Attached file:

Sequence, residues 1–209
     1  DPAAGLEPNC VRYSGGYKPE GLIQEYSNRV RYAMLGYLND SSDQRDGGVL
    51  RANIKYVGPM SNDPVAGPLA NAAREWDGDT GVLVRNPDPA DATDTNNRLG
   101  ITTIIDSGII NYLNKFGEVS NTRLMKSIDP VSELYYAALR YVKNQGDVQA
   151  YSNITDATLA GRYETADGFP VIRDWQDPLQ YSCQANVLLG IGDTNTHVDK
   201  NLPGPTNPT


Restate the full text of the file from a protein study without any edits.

Sequence, residues 1–209
     1  DPAAGLEPNC VRYSGGYKPE GLIQEYSNRV RYAMLGYLND SSDQRDGGVL
    51  RANIKYVGPM SNDPVAGPLA NAAREWDGDT GVLVRNPDPA DATDTNNRLG
   101  ITTIIDSGII NYLNKFGEVS NTRLMKSIDP VSELYYAALR YVKNQGDVQA
   151  YSNITDATLA GRYETADGFP VIRDWQDPLQ YSCQANVLLG IGDTNTHVDK
   201  NLPGPTNPT